Monday, February 12, 2018

Groovy: Basic Concepts: Values and Types

Groovy as a language offers support for built-in primitive and defined primitive types.  Unlike Java, Groovy is an optionally typed language, accomplished by adding a variant data type.  Depending on the type of data stored, Groovy (like Java) will store either the actual value or a reference to the object.

Built-in Primitive Types

The Groovy language inherits all the Java primitive types:
Type Description
boolean A data type representing 21 values (programmatically defined as true and false)
byte An 8-bit number from -128 to 127 inclusive
char A single 16-bit Unicode character with values from \u0000 to \ufff inclusive
short A 16-bit signed integer with values from -32,768 to 32,767 inclusive
int A 32-bit signed integer with values from -231 to 231-1 inclusive
long A 32-bit signed integer with values from -263 to 263-1 inclusive
float A single-precision 32-bit IEEE 754 floating point number
double A double-precision 64-bit IEEE 754 floating point number
A primitive is stored in memory as the actual value instead of a reference to an object.  However, as with Java, Groovy offers access to object-based representations of these objects.
In addition to the above primitive Groovy adds a keyword of def.  This provides an untyped variable that supports runtime evaluation of type.  See the following examples from the Groovy language documentation below:
def a = 1
assert a instanceof Integer
// Integer.MAX_VALUE
def b = 2147483647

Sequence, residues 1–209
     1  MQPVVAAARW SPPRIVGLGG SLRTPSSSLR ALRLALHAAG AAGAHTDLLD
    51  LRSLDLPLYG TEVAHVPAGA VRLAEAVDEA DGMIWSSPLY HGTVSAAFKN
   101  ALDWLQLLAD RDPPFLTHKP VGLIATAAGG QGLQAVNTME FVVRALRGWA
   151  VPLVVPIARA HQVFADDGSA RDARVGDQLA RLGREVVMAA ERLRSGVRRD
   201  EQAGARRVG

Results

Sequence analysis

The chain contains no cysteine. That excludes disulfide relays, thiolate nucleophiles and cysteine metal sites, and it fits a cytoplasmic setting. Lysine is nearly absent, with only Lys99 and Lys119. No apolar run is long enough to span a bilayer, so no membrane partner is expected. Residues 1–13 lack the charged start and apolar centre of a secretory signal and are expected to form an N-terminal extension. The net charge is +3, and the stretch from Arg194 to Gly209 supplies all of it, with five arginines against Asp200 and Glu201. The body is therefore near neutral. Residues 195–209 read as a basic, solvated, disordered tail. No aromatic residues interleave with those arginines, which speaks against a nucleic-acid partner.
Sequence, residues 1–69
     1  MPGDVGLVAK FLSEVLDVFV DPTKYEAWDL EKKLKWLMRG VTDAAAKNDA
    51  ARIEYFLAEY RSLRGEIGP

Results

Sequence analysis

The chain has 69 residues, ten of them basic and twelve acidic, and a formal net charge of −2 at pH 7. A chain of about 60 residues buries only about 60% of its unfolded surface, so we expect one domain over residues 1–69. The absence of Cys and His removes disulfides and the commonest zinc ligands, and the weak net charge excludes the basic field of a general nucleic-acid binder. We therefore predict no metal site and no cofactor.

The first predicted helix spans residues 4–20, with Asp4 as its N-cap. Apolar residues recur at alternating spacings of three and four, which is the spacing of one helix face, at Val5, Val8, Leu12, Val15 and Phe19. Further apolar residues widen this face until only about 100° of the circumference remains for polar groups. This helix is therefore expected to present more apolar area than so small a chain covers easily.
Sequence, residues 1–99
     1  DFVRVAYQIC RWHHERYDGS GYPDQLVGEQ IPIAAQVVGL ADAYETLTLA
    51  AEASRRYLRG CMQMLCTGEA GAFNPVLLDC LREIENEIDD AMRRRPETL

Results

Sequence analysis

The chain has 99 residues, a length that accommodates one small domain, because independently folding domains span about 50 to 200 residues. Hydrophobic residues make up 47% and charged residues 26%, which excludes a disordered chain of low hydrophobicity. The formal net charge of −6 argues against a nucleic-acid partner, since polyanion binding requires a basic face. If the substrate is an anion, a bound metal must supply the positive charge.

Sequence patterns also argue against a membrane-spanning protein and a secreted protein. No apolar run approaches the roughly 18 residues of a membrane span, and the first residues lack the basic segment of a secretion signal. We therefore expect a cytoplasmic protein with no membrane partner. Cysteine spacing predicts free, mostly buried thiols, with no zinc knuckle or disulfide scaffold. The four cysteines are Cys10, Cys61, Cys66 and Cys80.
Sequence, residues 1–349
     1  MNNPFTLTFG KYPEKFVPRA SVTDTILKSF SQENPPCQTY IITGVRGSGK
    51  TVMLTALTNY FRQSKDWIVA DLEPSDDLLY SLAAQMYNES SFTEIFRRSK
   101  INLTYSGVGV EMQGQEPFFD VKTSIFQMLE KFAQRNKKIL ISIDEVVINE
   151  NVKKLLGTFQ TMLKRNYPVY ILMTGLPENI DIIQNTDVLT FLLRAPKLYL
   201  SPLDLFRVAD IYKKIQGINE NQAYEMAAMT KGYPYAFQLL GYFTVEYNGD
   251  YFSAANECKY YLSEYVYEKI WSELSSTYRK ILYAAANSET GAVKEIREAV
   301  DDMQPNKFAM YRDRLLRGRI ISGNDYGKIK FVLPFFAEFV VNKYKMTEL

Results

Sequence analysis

assert b instanceof Integer
// Integer.MAX_VALUE + 1
def c = 2147483648
assert c instanceof Long
It should be noted that a variable defined using the def keyword is stored not as a primitive, but as the corresponding Java object.

Defined Primitive Types

Groovy supports creation of enumerations as a type of defined primitive type.  Enumerations are a collection of named values.
enum DefinedPrimitive

Composite Types

In addition to the defined primitive types, Groovy supports composite types including maps and arrays.


In addition to single values, Groovy allows for arrays of multiple individual primitive or complex values.  By default, Groovy will, unlike in Java, automatically create a Java collection, java.util.ArrayList by default, meaning the size of the array is dynamic.  It is possible to create an array as a true, fixed size array of primitives as well.

Maps and Objects

As Groovy is an object-oriented language, variables can also store references to objects.  These objects contain more complex data structures and a collection of methods that can act upon the data stored in the object.  Class definitions and operations are described in a later section.
One special kind of object is a map.  Known as a dictionary or associative array in other languages, a map in Groovy allows for storing key-value pairs in a variable.  The key is typically a string and the value can be any object.


As described earlier, Strings are defined in Groovy as an object.  The language has support for String literals, which are defined as a chain of characters.  A Groovy string also can perform runtime value substitution.  When printing a string in Groovy, the language will find specified character sequences, ${value/expression}, and replace those with the evaluated value.

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